ICF volume increases Swelling of cells
Causes

Extrarenal

Renal

Extrarenal Causes
1) Loss through GI tract (vomiting, diarrhea)*
2) . Third space loss: Trapping of fluid in transcellular space (pancreatitis)*
* Replacement fluid are hypotonic compared to loss
Renal Causes
1) Osmotic diuresis
2) . Loop diuretics
3) . Addison disease
4) . Cerebral salt-wasting
Loop Diuretics

Inhibit activity of Na+-K+-2Cl- co-transporter of epithelial cells of TAL Prevent


NaCl absorption

Produces a concentrated (hyperosmotic) urine and body fluid becomes


diluted

Cerebral Salt Wasting

Brain injury causes

1) . Depressed sympathetic stimulation Decrease sodium reabsorption by


proximal tubular cells
2) . Excess secretion of brain natriuretic peptides Increase GFR and decreased
renal sodium reabsorption
Overall excessive loss of salt Decrease plasma osmorality
Clinical Manifestation

Increased ICF volume

Movement of fluid into brain cells

Apathy, lethargy, and headache Progress to disorientation, confusion


and motor weakness

Extremely low plasma sodium Seizure and coma

Neuromuscular tissue

Fingerprint edema (indented fingerprint remains after pressing against


the bony sternum for 15-30 sec)

Muscle cramps, weakness and fatigue

Gastrointestinal manifests

Nausea, vomiting, abdominal cramps and diarrhea

Hypernatremic Dehydration
More water is lost than salt (Loss of hypotonic fluid) ECF sodium rises (>
150 mEq/L)
Fluid initially lost from plasma Increase plasma osmolarity
Water shifts from interstitial fluid to plasma Increase interstitial osmorality
Water shifts from ICF to ECF Both ECF & ICF volume decreases & shrinking
of cells
Causes

Extrarenal

Renal

Extrarenal Causes
1) . Inadequate fluid intake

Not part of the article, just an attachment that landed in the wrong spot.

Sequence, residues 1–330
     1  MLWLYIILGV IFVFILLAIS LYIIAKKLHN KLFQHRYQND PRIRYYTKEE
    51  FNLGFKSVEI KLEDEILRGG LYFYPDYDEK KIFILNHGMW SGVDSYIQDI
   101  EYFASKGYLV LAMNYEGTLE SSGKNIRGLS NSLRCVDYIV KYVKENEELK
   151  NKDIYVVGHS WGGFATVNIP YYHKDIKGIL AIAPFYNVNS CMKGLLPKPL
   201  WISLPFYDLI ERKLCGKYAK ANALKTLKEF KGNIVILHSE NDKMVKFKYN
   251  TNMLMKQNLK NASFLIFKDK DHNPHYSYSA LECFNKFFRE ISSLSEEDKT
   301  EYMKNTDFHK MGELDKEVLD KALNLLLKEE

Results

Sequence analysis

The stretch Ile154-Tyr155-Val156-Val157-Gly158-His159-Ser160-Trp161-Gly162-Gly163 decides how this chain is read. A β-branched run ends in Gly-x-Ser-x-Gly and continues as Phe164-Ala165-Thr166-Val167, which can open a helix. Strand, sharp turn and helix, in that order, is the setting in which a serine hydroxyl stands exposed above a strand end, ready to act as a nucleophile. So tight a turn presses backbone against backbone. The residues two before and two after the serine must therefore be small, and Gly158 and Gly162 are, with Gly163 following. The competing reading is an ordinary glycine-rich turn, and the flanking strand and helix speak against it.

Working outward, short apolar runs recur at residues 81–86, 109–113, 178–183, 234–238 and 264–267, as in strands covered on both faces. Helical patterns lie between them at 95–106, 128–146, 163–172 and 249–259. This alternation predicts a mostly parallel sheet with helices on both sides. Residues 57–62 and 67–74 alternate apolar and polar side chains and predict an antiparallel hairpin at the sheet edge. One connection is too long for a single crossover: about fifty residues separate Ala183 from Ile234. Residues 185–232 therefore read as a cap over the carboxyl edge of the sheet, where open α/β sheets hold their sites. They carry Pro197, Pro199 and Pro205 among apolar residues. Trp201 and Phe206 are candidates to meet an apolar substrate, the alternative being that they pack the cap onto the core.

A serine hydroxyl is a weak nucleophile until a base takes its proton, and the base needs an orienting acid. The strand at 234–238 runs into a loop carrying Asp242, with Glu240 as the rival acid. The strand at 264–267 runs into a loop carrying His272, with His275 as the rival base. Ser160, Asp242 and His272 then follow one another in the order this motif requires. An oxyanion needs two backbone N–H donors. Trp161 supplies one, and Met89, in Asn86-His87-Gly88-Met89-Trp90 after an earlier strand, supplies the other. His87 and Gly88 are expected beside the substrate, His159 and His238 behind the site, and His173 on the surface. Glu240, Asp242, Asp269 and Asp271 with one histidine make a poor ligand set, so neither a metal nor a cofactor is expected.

2) . Excessive skin loss (sweating)
3) . Loss through respiration (fever, exercise)
4) . Increased loss through GI tract (diarrhea, vomiting)
Renal Causes
1) Osmotic diuretics
2) . Central diabetes insipidus
3) . Nephrogenic diabetes insipidus
Central Diabetes Insipidus
Inability of posterior pituitary to secrete ADH

Collecting duct becomes impermeable to water

Produce a large volume of dilute urine and body fluid becomes concentrated

Nephrogenic Diabetes Insipidus

Posterior pituitary gland produce ADH normally

But principal cells of collecting duct becomes unresponsive to ADH

Due to a defect in V2 (Vasopressin 2) receptor

Produce a large volume of dilute urine and body fluid becomes concentrated

Clinical Manifestation

Compensatory mechanism

Increase plasma osmorality Stimulate thirst and release of ADH

Increase water reabsorption from collecting duct

Decrease urine output and increase urine osmolarity

Decreased ICF volume

Dry skin and mucous membrane

Decreased salivation and lacrimation

Decreased ECF volume

Decline in both arterial and venous volume

Arterial pressure decreases with increase in heart rate (Tachycardia)

Weak pulse

Postural hypotension (Drop in blood pressure when standing)

Veins less prominent

Movement of fluid out of brain cells

Headache

Agitation and restlessness

Decreased reflexes

May lead to seizure and coma


Diagnosis
Mental Status Test
to evaluate whether the patient is awake, alert, and oriented
2 .Vital signs
3. Temperature
measured to assess fever
4. Skin
checked to see if sweat is present and to assess degree of elasticity

Laboratory Diagnosis

To help confirm the diagnosis and pinpoint the degree of dehydration


following are the tests are required to perform :
Blood tests. Blood samples may be used to check for a number of factors,

such as the levels of your electrolytes especially sodium and potassium


and how well your kidneys are working.

Urinalysis. Tests done on your urine can help show whether you're
dehydrated and to what degree.